Citing the “vicious” nature of the crime and his previous criminal record, Snohomish County Superior Court Judge George Bowden sentenced 34-year-old Christopher V. Cowan to 30 years and six months in prison, the upper end of the sentencing range, in connection with his Jan. 17 knife attack on Edmonds Domino’s Pizza employee Mike Brenick.
In his October trial, an eight-woman, four-man jury convicted Cowan, who is homeless, of second-degree attempted murder, armed robbery and assault with a deadly weapon. Bowden was handling the sentencing phase for Judge Richard Okrent, who had presided over that trial but has been out ill.
Asked by Bowden if he had anything to say before sentence was imposed, Cowan answered, “No sir.” Dressed in prison stripes and standing with his attorney Jennifer Bartlett, he remained unemotional throughout the proceedings.
According to information presented at the eight-day trial, on the night of Jan. 17 at approximately 11:40 p.m. Brenick was preparing to go out on a delivery. As he approached his car carrying the food order, he noticed someone in the driver’s seat who appeared to be stealing property. He opened the car door to challenge the suspect, and in the ensuing scuffle was stabbed three times, with one wound causing his intestines to spill out.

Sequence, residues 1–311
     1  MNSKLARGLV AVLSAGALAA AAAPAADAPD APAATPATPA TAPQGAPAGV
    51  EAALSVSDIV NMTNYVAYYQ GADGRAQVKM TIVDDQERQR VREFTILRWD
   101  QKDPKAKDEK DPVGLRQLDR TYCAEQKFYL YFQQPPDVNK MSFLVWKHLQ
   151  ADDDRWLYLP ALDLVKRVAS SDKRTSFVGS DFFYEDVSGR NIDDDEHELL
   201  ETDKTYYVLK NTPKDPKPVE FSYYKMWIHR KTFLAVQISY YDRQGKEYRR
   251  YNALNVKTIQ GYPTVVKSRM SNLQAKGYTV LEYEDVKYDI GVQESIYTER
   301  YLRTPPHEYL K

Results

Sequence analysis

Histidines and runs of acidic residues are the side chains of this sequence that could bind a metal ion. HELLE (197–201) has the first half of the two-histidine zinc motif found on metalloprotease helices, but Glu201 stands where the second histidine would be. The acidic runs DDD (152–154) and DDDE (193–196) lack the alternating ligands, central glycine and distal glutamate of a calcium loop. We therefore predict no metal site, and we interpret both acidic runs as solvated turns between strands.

Holding his abdomen, Brenick limped back to the store, where other employees called 9-1-1. First responders stabilized Brenick at the scene. He was rushed to Harborview Medical Center in Seattle, where he underwent emergency surgery. He has since recovered and is doing well.
The assailant escaped on foot and was unsuccessfully pursued by an Edmonds Police K-9 team. A subsequent investigation identified the suspect as Cowan, and he was picked up Jan. 21 while walking on Highway 99 in Shoreline.
Key to the prosecution’s case was a fingerprint found on an item taken from the victim’s car that matched Cowan’s left thumb. The item, a manila envelope containing Brenick’s auto insurance documents, was discarded by the assailant and recovered by police during the K-9 track. Read more details in My Edmonds News’ coverage of the first day of the trial.
Cowan’s defense team steadfastly maintained his innocence, calling the fingerprint and other evidence flawed. But the jury disagreed, and found Cowen guilty on all charges.
According to the Snohomish County Prosecutor’s Office, Cowen is not eligible for parole, but may qualify for up to a 10-percent reduction in his sentence for good behavior as a prisoner. Should he earn this, he could be released no earlier than 2042.
— Story and photos by Larry Vogel